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New regulations have been announced concerning the amount of merchandise that you can bring over the border from France into Switzerland.

From 1July, anyone traveling through customs, will be able to bring up to Fr. 300.- of goods per day for their own personal consumption, or as a gift to someone else, duty free. Any goods over this amount will be subject to 8% TVA, or 2.5% TVA for goods such as books and non-alcoholic drinks.

As before, there will also be limits on the quantity of goods brought through customs. However, there are some changes. Notably you can bring:

  • 1kg of meat (Includes meat and meat products derived from all animal species, excluding wild animals, fish, crustaceans, molluscs and other aquatic invertebrates.)
  • 1 kg/l or butter and cream
  • 5kg/l or oils, fats and margarine
  • 5l of alcoholic drinks up to 18% volume (Min age 17)
  • 1l of alcoholic drinks over 18% volume (Min age 17)
  • 250 cigarettes / cigars (Min age 17)
  • 250g of other manufactured tobacco (Min age 17)

The following taxes will apply to any goods, which exceed the limits above:

  • Meat: Fr. 17.- per kg
  • Butter and cream: Fr. 16.- per kg/l
  • Oils, fats, and margarine: Fr. 2.- per kg/l
  • Alcoholic drinks up to 18% volume: Fr. 2.- per l
  • Alcoholic drinks over 18% volume: Fr. 15.- per l
  • Cigarettes or cigars: Fr. 0.25 per item
  • Other manufactured tobacco: Fr. 0.10 per g

It is worth noting that there are no longer any limits on the amount of milk, eggs or cut flowers you bring over the border. However, there is a change in the amount of meat you can bring as this has now all been grouped together under one category, with a total limit of 1kg.

For more information and a detailed explanation of your rights, please visit the website:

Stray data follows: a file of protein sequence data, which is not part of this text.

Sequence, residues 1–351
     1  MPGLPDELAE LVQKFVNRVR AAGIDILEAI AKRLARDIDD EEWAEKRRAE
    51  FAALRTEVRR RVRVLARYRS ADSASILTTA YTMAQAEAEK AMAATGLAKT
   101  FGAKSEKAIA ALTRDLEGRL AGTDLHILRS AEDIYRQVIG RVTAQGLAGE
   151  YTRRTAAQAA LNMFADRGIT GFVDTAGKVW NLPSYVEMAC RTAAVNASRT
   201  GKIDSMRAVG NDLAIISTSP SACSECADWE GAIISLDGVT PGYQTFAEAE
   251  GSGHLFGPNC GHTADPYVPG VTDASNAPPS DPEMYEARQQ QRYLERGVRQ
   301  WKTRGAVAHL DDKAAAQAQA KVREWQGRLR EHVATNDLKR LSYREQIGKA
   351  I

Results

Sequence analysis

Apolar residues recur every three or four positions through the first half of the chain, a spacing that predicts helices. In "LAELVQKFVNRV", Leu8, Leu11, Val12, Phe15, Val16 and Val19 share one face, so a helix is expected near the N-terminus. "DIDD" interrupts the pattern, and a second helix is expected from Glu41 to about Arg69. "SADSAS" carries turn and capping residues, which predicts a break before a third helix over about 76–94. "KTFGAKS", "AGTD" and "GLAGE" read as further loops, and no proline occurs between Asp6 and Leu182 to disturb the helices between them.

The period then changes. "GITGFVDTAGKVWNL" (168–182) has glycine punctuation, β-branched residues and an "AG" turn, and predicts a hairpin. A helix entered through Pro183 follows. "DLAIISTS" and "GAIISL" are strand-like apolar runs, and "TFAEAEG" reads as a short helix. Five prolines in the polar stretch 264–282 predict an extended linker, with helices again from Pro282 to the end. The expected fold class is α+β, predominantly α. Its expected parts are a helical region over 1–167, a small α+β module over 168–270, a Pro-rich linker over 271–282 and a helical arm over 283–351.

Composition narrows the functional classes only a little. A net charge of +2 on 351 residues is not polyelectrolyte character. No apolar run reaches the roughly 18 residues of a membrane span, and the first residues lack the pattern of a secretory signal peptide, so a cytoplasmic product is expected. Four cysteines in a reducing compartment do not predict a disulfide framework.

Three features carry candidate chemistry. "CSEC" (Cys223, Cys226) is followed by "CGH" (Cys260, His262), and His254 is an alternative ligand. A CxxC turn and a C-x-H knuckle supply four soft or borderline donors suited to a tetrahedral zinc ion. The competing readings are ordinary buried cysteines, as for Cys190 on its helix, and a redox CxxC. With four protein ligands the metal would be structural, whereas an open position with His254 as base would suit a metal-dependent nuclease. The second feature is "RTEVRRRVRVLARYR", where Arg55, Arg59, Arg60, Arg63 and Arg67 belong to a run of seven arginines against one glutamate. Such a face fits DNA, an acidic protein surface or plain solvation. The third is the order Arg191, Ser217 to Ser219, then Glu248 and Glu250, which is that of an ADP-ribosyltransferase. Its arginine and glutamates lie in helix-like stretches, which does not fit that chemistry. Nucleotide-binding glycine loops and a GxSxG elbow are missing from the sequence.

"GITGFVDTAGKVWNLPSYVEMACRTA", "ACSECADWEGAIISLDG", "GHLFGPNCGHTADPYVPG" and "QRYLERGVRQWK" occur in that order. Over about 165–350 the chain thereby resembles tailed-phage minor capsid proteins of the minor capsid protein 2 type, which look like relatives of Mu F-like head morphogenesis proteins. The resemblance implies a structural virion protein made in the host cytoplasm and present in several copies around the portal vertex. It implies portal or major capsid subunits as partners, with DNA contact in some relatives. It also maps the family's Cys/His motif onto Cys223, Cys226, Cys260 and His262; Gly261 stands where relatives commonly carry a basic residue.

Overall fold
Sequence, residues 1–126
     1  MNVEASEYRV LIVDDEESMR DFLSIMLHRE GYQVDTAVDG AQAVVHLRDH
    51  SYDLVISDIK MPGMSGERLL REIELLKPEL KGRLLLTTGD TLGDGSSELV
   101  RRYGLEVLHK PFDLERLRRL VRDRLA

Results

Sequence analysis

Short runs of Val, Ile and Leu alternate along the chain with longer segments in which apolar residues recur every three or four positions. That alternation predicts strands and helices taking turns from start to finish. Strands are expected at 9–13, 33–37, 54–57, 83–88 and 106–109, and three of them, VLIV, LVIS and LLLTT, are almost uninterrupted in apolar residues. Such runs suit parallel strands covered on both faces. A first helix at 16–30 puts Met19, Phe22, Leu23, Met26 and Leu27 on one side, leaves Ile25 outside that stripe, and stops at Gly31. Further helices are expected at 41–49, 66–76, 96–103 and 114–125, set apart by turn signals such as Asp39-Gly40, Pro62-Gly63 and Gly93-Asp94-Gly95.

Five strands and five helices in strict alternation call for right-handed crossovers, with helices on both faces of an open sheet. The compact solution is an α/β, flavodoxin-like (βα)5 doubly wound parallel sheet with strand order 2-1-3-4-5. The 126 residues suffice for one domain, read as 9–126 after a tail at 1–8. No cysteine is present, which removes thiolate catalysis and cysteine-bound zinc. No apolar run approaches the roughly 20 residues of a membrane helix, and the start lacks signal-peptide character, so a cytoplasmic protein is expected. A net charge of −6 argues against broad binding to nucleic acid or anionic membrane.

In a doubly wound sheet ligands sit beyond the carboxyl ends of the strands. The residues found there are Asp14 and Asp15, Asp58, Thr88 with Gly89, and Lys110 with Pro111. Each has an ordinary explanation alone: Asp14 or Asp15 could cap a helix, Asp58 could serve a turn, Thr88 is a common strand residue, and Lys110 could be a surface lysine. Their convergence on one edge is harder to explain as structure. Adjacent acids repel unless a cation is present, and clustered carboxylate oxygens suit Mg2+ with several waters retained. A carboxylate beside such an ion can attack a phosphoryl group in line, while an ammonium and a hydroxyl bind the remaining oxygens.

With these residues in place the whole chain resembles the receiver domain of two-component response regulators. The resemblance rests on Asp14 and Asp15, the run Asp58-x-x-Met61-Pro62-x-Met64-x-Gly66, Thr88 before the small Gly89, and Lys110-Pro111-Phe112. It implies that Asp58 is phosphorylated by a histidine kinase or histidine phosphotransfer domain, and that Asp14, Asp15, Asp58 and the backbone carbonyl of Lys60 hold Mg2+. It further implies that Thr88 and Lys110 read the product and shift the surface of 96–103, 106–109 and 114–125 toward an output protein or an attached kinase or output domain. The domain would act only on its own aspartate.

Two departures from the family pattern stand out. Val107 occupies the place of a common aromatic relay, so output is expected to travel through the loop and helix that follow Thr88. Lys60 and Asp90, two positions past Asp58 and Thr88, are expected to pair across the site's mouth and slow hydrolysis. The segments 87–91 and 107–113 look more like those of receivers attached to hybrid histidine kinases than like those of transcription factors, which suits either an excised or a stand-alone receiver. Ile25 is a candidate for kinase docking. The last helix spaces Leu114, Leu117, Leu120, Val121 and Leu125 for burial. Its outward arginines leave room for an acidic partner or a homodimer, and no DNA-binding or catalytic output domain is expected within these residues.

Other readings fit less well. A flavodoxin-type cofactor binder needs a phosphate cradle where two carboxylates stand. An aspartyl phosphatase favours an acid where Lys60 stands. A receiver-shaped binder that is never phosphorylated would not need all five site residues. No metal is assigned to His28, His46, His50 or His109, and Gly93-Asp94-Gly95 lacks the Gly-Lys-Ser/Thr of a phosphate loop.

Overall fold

http://www.ezv.admin.ch/zollinfo_privat/04342/04343/index.html?lang=en

For a detailed list of duty-free allowances click here:
http://www.ezv.admin.ch/zollinfo_privat/04342/04343/05772/index.html?lang=en

Another law that has recently been hitting the news in local press is one relating to driving cars over the border. Following the unfortunate mistake of a recent visitor to Switzerland, it has become apparent that if you own a car in Switzerland and allow visiting friends or relatives from the EU to drive it alone over the border into France there is risk they could receive a massive fine. In short, EU citizens are not allowed to drive in the EU with a non-EU vehicle – even for a day trip – unless they apply for customs clearance beforehand. In the case being cited in the press, one individual was fined close to Fr. 18,000.- for doing just this – equating to 10% of the value of the car in customs costs, plus 19% import tax.

Apparently, there are no such restrictions on EU citizens traveling within Switzerland in your car, or hiring a short term rental car – providing you check with the rental company first. But, don't take our word for it - you should check with the relevant authorities to be absolutely sure.

So if you have visitors coming over this summer and are planning on letting them travel over the border with your car, we strongly recommend that you visit your local customs post beforehand and arm yourself with the facts, along with any requisite documentation.

If you are driving within Switzerland then you may find some useful information here: http://www.ezv.admin.ch/index.html?lang=en. Otherwise check with the customs office of the country in which the car will be driven.